Rethinking the Clear and Present Danger Test

31 Pages Posted: 16 Jun 2020

See all articles by David R. Dow

David R. Dow

University of Houston Law Center

Date Written: 1998

Abstract

We argue in this Article that the Clear and Present Danger test ought to be abandoned and replaced with a nearly categorical prohibition on the abridgement of speech. The Free Speech Clause should protect all speech unless three conditions are satisfied: (1) the speaker's specific intent in uttering the speech is to cause an unlawful injury, (2) the injury in fact occurs as a proximate result of the speech, and (3) the speaker, through his or her speech, overwhelmed (i.e., controlled) the will of the listener. This test we propose would permit almost no speech whatsoever to be punished, and, for the reasons we elaborate on, it is superior to the CPD test.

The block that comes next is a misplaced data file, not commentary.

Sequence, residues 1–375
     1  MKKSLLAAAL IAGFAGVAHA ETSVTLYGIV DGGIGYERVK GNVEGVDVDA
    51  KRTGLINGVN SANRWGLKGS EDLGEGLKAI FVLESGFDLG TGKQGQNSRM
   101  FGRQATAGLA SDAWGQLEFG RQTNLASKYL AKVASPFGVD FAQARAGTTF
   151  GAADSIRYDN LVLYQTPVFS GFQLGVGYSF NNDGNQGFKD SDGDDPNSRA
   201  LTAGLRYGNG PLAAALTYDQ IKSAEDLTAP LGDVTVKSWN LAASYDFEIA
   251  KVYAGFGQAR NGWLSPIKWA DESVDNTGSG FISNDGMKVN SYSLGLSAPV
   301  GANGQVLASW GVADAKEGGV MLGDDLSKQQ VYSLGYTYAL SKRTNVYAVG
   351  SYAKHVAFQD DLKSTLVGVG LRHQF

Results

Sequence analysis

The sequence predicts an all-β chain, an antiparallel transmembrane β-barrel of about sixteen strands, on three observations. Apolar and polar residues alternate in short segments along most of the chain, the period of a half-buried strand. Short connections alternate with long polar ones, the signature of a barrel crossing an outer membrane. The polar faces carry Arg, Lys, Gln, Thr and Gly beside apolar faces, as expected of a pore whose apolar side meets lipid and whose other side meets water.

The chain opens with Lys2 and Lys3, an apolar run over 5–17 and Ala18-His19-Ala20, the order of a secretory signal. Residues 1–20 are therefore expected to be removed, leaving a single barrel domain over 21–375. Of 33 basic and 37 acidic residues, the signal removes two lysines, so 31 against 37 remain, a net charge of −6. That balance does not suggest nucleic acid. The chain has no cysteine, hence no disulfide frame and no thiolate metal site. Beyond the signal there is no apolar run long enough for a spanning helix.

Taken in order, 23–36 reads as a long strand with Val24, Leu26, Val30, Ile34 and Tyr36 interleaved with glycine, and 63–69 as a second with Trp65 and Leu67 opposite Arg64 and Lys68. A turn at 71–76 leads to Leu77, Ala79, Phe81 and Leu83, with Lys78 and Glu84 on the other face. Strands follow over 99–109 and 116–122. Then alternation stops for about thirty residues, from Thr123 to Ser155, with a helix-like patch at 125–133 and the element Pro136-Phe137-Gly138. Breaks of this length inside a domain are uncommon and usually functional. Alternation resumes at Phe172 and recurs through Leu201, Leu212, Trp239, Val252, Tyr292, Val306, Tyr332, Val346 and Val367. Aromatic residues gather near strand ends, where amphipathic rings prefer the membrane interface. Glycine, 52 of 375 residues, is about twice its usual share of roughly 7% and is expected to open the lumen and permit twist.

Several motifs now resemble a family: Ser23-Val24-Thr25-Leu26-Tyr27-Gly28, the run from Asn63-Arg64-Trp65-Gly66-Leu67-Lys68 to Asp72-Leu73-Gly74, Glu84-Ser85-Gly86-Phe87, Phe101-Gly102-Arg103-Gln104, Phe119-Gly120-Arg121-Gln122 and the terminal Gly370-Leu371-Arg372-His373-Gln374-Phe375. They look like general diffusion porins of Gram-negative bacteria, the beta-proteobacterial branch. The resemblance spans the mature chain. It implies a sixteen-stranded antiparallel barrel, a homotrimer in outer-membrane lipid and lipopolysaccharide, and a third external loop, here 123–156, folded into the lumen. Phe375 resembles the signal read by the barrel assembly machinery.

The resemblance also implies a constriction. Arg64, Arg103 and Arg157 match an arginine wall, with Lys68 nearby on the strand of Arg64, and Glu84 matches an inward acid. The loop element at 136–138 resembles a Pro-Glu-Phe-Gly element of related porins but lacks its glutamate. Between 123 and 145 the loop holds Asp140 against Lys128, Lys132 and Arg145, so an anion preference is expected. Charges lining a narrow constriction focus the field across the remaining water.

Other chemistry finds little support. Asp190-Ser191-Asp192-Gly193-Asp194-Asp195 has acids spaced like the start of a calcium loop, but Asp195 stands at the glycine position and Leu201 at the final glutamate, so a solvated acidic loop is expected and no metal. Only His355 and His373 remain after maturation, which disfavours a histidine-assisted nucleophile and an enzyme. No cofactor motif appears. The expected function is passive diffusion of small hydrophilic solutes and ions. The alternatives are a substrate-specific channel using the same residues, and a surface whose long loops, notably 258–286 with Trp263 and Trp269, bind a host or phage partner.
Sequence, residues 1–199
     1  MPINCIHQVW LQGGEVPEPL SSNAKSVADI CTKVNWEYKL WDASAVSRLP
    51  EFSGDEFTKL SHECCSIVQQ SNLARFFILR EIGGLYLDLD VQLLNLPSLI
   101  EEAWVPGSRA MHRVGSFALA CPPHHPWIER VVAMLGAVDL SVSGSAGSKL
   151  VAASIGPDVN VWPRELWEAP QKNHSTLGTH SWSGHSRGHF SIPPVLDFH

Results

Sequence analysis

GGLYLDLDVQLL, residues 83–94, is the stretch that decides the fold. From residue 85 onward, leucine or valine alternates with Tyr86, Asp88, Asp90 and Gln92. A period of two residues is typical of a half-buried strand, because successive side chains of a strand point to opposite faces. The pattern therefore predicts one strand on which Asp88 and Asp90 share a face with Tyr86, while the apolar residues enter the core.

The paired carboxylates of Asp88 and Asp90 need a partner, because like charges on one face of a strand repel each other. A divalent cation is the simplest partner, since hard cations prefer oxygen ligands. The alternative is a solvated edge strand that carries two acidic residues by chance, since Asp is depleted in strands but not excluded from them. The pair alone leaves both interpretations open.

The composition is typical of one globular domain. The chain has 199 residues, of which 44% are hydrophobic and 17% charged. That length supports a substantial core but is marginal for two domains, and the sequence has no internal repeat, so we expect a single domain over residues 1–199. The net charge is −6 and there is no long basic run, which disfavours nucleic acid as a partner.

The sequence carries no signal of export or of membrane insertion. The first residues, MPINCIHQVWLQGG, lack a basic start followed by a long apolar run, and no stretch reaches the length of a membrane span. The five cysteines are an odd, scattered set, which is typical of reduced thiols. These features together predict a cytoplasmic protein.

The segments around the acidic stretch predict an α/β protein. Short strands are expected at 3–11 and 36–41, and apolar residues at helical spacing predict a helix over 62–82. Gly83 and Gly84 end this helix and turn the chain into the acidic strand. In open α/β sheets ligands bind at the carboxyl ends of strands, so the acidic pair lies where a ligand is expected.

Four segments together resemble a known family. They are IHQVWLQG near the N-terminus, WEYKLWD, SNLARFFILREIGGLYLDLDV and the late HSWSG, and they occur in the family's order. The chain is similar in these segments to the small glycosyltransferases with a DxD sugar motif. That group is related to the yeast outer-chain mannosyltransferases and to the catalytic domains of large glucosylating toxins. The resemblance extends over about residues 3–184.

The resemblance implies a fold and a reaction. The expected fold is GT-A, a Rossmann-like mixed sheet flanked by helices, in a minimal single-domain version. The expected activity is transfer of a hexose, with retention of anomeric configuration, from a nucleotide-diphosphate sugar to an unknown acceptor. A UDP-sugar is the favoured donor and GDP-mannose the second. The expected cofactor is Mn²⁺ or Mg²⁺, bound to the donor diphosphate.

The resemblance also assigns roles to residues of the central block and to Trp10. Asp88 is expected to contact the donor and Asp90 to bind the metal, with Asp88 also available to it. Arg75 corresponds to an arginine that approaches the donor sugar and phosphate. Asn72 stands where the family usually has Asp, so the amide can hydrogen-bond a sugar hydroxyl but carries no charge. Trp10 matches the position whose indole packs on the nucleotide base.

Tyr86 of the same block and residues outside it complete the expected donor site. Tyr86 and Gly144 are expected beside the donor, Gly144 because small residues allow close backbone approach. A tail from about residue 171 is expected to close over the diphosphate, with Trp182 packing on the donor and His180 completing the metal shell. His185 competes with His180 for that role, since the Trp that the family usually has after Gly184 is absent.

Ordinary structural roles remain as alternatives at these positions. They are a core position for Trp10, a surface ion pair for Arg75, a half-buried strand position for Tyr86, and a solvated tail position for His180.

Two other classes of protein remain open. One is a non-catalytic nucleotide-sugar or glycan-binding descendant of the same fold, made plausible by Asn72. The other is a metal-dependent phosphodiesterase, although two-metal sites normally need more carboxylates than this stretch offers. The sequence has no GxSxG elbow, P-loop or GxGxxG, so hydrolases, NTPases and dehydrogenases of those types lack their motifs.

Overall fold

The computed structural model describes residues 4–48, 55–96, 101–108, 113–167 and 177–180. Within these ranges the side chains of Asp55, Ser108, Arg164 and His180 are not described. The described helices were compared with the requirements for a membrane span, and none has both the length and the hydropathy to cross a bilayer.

Keywords: freedom of speech, First Amendment, Clear and Present Danger

Suggested Citation

Dow, David R., Rethinking the Clear and Present Danger Test (1998). Indiana Law Journal, Vol. 73, No. 1217, 1998, Available at SSRN: https://ssrn.com/abstract=3577105 or http://dx.doi.org/10.2139/ssrn.3577105

David R. Dow (Contact Author)

University of Houston Law Center ( email )

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Houston, TX 77204-6060
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